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Becker's long been a shredder that I've really liked; I'd gotten floored by his tunes in year 8- before that Hammett's guitar work was the epitome of technicality- and getting turned onto this and Tommy Emmanuel (great australian guy, not exactly metal but worth checking out) was pretty exciting indeed. I'd lost this when we moved, but having found this again recently I decided to give it a spin.
And, whatdya know, it's actually still pretty good. Becker could sure shred it up (His duet with ol' marty on Eleven Blue Egyptians being a good example) and he could/can still write some pretty interesting instrumental compositions. Unfortunately, while Becker does everything right, his well meaning efforts were effectively ruined by the major problem with this genre.
No, it's not overplaying. I'm not saying anything like "Ehhh Becker mistakes his phallus for his guitar" or any similarly retarded shred jokes. Becker was an effective songwriter- as tunes like the rather pretty "air" and "Mable's fatal fable" attest- so that's certainly not an issue, and besides complaining of overplaying on a shred album is like saying that Sunn O))) doesn't have enough blastbeats. No, none of those are problems. The problem is simple- Becker's guitar tone and the really, really bad production on here.
Sure, a thick, creamy (innuendo!!1) tone wouldn't be all that great for this. Becker should not aim to sound like Clapton. However, as with most shredders- I'm aware that I'm making a rather huge generalisation here, but whatever- his tone is utter ass, sounding kind of like a digitalised, cheaper version of Van Halen's tone mixed in with some cats squealing. It's not *that* bad when he's shredding up a storm, but when's getting his balladry (or, err, neo-classicalry) on it's awful. Awful! Good examples would be the paper thin clean tone that makes the otherwise excellent "Air" a huge cringe-fest, and the terrible, cats in a washing machine tone that permeates the beginning of "Opus Pocus", which combined with the cheesy synths makes for some of the most overwrought music ever written.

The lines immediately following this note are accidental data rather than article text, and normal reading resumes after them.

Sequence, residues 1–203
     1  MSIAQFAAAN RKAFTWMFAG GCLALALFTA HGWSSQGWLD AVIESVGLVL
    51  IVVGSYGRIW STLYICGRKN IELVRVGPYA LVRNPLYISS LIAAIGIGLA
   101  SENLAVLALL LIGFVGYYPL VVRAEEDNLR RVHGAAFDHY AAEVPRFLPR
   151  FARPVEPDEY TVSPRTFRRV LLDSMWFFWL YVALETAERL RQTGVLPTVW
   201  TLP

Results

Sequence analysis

And it's not just the guitars, either. The production is pretty much terrible for everything; the drums ultra dry and strangely seperated in the mix; the bass a characterless "bonk" that comes in once in a while, and the synths... Damn. I am aware that they didn't have high quality synths back in the late 80's, but surely something else could've been done. They could've bought in session string players. They could've added another guitar part. But they did not need those terrible synths. Truly, truly awful.
Now, I realise that I've spent a good deal amount of time on the production. It's for a reason, though. This is an otherwise excellent album that would be classic- truly deserving of a 95%+ average on Metal Archives- if it wasn't because of it. Becker shreds and solos like an animal, and he's just really freakin' good at it. Once you get past the terrible intro, "Opus Pocus" shines through with some really nice guitar leads- very melodic and concise, marvellously entertaining- and the use of dynamics in the song- give the whole thing a flowing, strangely liquid feel that makes it a must hear for any fans of instrumental music.
Most of the material is top notch. 'Temple of the Absurd' mixes some adept shredding with some pretty nice, kinda thrashy rhythm that give me wood, 'Dweller in the Cellar' has a terrific mellow intro, pauses for a bit on a kind of awkward doomy thing and then picks up with a nice slow tempo jam, featuring some really good lyrical guitar lines and whammy workouts. Admittedly that tune is a bit unfocused- certainly a problem that most instrumental music has from time to time- but overall it's nothing intolerable and it's a great tune all round.
I guess Becker seems to really excel at the melody, and that's why this record is so good, and alternatively why the production is so frustrating. His shredding is fine, but when he gets all slower his guitar tone is as fun as getting stabbed in the face with an Framer super-strat. What should end up as an emotional, lighters in the air sort of tune (The first song is yet another good examples of this) just becomes quite unenjoyable and terrible, and there's plenty of moments such as this.
Still, terrible production (did I mention that the drums sound shit? I think so, but it's worth mentioning again) aside, this is a pretty solid shred album that I think most people will really, really like. Perhaps this will inspire you to play guitar well enough so that you can overdub all of his solos? I don't know. Anyway, this is well worth getting, if you can get over the terrible guitar tone/general production that seems to be in every single shreddy album I've ever heard.